It's a time-honored tradition for American families to, at some point, pile into a car and drive to some great expanse of nature for a camping vacation. And despite your children's pleas to go someplace "cool" (like an island resort or Disney World), it's ultimately an enriching family experience.
So, if the numerous films in which hilarious / calamitous / horrific things happen while camping (see: The Great Outdoors, Friday the 13th, The Parent Trap) haven't scared you away from the activity, then you're probably prepared to make the financial leap into purchasing the essential tent for the coming warmer months.
Here are seven factors to consider when purchasing a tent for the whole family.
Higher-Quality Tents Are Better for Windy, Rainy Camping
Most family tents are rated as 3-season, meaning they aren't appropriate for winter camping (a cold, dark activity anyway, which your children would probably loathe enduring). Most 3-season tents are made with lighter materials perfect for dealing with heat and some rain.
Anticipate the conditions you will face. Two enemies of tent camping are wind and rain, and if you plan to camp where these are frequent visitors, you would be well advised to look to higher quality (i.e. more expensive) tents to safeguard your vacation. Most people, however, choose to camp where winds are light and rain is infrequent, so no need then to break the bank on a model that runs up a bill with high-end features.
Buy a Bigger Tent Than You Think You Need
Most family tents claim to hold a certain number of campers; a 6-person tent, for example, is not unusual. However, these ratings are often unrealistically tight. An average 8-person tent might be 180 square feet, or 22.5 square feet per person. One sleeping bag and air mattress alone will take up at least 12 square feet, allowing little room for personal possessions. With a more reasonable 30-square feet per person, this tent would hold six people comfortably.
Also, beware of odd-shaped tents that may have a lot of floor area but little that would allow people to stretch out on their sleeping bags to full length.
You should also anticipate your family dynamics. Does Dad snore loud enough to wake the dead? Will the teens fidget and keep the rest of the family awake? If you can't imagine all of them coexisting peacefully under one roof, you might want to buy two or three smaller tents instead.
Consider Opting for More Headroom
Family tents come in a couple of basic shapes; the cabin style has nearly vertical walls that will afford you the maximum headroom. The dome style has less headroom but will shed wind better. If you anticipate foul weather, a dome might be the preferred choice. If you don't, the cabin style will give you more room to maneuver, a feature that can be invaluable when it comes to camping in large groups.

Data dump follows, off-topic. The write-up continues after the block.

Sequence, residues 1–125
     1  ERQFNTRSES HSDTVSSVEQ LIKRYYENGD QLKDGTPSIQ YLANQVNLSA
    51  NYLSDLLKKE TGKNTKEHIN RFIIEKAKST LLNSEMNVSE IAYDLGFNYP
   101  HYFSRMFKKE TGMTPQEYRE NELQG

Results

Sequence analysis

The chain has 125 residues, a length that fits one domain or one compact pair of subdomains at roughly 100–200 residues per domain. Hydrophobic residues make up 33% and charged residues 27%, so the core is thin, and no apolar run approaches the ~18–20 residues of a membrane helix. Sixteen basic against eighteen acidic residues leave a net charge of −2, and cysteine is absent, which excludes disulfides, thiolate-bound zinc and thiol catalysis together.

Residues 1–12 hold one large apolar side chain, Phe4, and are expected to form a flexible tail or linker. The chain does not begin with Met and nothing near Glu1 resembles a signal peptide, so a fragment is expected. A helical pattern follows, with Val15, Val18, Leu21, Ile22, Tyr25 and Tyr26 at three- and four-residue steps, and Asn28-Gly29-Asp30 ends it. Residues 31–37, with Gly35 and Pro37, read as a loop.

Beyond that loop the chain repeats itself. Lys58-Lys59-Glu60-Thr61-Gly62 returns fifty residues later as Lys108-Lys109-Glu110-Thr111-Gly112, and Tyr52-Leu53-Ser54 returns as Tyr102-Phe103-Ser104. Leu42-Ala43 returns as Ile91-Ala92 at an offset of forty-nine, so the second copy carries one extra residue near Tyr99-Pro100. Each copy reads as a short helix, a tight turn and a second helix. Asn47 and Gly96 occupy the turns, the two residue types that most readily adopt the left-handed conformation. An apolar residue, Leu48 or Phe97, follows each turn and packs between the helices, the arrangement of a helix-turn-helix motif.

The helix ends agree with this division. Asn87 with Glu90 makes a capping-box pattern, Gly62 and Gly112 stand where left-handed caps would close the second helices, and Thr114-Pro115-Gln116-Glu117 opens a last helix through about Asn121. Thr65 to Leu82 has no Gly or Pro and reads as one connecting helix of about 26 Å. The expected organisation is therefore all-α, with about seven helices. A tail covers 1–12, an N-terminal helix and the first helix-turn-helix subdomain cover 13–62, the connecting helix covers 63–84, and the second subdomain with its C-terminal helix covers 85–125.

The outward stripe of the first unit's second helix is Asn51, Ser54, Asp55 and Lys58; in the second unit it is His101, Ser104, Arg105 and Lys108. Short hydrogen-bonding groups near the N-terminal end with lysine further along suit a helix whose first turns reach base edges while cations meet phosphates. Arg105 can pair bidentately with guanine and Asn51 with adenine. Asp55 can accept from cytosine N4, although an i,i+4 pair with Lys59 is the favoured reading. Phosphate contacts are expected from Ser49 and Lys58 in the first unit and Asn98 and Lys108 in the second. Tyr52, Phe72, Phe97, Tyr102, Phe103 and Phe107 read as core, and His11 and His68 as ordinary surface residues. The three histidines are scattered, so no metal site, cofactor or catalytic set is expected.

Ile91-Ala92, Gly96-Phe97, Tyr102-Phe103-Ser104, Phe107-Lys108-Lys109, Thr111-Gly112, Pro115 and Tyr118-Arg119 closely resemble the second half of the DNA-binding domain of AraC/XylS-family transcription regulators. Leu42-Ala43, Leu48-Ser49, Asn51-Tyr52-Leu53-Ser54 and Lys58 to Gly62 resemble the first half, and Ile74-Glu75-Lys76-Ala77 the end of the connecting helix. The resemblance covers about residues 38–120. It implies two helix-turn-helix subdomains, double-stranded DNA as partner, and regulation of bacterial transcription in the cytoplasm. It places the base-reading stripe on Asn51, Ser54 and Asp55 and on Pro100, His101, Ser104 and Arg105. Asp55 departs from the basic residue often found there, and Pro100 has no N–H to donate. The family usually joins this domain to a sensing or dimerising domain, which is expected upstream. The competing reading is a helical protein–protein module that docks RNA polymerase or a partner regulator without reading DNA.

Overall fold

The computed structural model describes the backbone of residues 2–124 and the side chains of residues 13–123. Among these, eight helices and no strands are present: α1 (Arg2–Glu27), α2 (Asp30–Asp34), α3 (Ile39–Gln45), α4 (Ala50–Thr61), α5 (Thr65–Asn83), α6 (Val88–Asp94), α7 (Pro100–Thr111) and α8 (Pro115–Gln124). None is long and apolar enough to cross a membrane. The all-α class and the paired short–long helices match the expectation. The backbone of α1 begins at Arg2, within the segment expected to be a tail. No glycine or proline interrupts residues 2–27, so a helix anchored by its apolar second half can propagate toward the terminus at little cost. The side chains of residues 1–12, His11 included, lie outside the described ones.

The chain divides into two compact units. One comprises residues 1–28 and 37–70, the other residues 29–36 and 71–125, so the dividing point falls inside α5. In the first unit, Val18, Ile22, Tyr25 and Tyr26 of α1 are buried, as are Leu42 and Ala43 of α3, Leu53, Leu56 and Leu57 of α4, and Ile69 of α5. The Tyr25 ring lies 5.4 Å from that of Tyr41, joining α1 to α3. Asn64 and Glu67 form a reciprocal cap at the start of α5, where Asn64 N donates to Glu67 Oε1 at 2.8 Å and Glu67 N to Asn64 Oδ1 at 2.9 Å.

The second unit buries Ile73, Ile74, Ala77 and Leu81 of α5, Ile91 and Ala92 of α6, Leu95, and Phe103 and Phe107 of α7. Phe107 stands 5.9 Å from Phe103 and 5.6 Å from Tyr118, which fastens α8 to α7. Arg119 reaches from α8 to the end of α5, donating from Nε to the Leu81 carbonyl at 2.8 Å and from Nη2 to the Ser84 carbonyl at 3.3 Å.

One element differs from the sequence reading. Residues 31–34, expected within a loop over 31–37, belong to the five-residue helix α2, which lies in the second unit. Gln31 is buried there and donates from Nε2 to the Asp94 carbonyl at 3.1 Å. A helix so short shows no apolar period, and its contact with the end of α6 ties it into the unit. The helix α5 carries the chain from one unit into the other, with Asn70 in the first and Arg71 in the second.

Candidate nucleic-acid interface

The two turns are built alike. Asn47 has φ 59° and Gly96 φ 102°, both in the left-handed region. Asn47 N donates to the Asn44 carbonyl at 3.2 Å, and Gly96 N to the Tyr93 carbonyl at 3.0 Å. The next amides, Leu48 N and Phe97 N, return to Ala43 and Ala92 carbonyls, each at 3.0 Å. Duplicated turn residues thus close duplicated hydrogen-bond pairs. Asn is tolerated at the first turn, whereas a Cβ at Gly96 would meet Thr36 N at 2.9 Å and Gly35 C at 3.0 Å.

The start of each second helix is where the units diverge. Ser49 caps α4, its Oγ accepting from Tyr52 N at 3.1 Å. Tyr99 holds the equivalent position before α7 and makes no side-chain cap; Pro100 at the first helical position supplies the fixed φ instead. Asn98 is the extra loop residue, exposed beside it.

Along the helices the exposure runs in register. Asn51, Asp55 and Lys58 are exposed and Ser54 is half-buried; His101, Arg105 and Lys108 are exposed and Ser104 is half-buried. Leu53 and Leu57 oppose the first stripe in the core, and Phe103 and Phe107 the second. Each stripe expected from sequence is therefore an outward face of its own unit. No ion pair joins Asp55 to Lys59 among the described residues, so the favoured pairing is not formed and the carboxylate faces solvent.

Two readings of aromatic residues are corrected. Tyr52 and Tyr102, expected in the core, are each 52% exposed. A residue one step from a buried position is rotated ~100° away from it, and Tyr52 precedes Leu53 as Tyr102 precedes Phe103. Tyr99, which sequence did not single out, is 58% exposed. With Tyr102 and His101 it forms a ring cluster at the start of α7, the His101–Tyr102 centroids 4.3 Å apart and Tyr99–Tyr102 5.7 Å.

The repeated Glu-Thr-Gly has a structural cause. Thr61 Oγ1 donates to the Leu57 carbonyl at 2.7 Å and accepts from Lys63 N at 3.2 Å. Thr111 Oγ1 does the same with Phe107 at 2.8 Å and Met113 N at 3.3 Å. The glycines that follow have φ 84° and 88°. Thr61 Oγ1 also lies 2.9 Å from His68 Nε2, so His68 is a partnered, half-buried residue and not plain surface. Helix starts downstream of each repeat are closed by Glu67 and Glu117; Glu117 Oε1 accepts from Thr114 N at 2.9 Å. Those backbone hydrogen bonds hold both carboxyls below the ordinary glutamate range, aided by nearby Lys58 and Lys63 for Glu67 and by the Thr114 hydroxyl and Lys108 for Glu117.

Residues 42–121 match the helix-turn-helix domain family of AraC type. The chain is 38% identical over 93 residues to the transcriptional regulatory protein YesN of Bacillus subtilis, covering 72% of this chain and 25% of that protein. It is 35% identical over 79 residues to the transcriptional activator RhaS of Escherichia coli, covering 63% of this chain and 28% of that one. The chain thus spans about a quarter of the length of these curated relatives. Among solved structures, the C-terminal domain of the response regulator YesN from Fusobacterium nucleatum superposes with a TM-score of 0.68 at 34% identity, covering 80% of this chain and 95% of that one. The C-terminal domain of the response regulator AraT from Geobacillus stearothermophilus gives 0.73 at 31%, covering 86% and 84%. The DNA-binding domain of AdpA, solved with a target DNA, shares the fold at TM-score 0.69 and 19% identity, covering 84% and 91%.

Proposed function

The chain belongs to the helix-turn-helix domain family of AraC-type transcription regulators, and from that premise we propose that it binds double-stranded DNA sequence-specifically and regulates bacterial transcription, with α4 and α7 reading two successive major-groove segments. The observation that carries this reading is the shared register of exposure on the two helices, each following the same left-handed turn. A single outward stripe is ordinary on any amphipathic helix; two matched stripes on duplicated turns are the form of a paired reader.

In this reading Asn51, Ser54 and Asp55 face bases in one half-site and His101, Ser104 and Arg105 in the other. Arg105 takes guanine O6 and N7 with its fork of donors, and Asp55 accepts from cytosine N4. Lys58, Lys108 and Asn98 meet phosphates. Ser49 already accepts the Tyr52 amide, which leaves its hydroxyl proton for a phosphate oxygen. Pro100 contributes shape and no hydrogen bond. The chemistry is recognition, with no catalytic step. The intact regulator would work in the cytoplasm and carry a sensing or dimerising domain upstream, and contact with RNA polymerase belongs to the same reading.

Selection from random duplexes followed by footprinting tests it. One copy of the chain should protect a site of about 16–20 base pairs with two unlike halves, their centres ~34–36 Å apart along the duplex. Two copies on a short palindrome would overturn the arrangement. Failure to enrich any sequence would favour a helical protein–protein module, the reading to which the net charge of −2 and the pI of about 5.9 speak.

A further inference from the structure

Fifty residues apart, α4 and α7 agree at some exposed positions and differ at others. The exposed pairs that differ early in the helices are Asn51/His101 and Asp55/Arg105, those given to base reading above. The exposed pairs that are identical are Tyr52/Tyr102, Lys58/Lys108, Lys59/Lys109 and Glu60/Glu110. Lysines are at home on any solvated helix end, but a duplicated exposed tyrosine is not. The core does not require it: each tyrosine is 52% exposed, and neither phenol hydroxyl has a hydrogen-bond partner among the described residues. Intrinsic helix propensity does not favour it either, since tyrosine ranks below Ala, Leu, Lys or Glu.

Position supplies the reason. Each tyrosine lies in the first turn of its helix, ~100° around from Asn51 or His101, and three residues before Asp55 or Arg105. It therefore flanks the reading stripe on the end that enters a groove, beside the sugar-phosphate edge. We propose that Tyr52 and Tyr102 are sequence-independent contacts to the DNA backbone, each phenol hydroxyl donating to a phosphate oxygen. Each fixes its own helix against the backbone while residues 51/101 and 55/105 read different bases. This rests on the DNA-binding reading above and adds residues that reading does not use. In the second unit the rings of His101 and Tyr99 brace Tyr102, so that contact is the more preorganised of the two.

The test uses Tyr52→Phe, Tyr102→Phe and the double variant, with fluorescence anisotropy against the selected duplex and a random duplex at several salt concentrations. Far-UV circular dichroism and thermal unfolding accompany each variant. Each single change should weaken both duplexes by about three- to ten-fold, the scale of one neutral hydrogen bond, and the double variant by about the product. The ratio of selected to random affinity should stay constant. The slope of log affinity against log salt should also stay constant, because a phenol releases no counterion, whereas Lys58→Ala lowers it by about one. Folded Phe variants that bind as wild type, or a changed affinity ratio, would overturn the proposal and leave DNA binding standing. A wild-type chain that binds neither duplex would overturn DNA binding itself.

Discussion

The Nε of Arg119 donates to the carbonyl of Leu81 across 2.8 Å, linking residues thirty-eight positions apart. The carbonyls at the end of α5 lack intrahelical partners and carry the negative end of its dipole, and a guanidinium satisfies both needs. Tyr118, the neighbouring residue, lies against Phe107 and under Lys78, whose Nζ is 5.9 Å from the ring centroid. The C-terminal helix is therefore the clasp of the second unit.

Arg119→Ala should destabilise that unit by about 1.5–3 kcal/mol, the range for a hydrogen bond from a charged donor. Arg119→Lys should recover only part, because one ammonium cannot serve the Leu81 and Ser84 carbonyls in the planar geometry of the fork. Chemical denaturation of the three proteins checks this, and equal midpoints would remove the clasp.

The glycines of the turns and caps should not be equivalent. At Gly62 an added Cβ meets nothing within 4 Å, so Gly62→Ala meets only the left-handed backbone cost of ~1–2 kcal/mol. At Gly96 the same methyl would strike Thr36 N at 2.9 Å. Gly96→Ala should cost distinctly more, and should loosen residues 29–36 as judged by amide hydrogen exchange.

Think About Any Special Features You Might Need
There are several other design features that can make your experience better. More than one door is good for traffic flow. Large screened windows will better ventilate the tent. An awning or vestibule will give you a place to wipe your feet and shake off the rain before entering. Interior pockets, lockers, and shelves help with storage, and some family tents even come with an interior fabric wall to separate the tent into rooms, a nice feature for modesty.
Don't Worry About Weight, But Pay Attention to Size
These tents are made for car camping, not backpacking, so weight is irrelevant to some degree. What you should look out for, however, is the size when packed: You only have so much storage in your car, so make sure you have room for the tent.
Polyester and Aluminum Will Stay Sturdy, Dry
Nylon is a good choice for the sides of the tent, as it breathes and allows moisture (exhaled by its inhabitants) to dissipate. And the heavier the nylon, the greater its durability. For the rain fly (a separate piece of fabric that goes over the tent and holds off the rain), polyester is the best option. A fly that covers the whole tent will repel rain better than one that merely covers the roof.
For poles, aluminum is stronger and more durable than fiberglass. Taped floor seams are stronger than those simply sewn together. A bathtub design, where the floor wraps up onto the wall for a few inches, is more water resistant than one where the seams between wall and floor meet at ground-level.
Check out the zippers, too; brand name ones such as YKK will work better and last longer.
Easy Construction Could Save Your Vacation
With tents of this size, it usually takes at least two people working together, not in opposition, to successfully assemble. But how many arguments have been instigated by the confusion and frustration surrounding tent instructions? Ease of construction is thus an important factor to consider.
Some tents are designed so that the poles are held in sleeves. On others, the tent clips to the pole skeleton. The sleeve design makes for a stronger tent, but the clip design is easier to assemble.
In any event, don't wait until vacation to put the tent up for the first time. Erect it in your yard beforehand, when the weather is dry and calm — and so are you. And while your tent is up in your yard, this would be a good time to apply seam sealer, which serves as a second line of defense against leaks. This is a step that, taken annually, will prolong the life of your tent.
Get Extras Like Stakes and a Ground Cloth
You'll need good stakes to hold the tent firm in a strong wind; the larger the tent, the more surface area there is for the wind to grasp. You'll also need a ground cloth, a piece of plastic that will cover the entire bottom of your tent, to keep ground moisture from percolating up into the interior.
A good tent can also serve as a guest room, a hangout for your kids in the summer in the backyard, and a fun place for an impromptu sleep-out. Choose the right tent and your family can have a ball during the warmer months.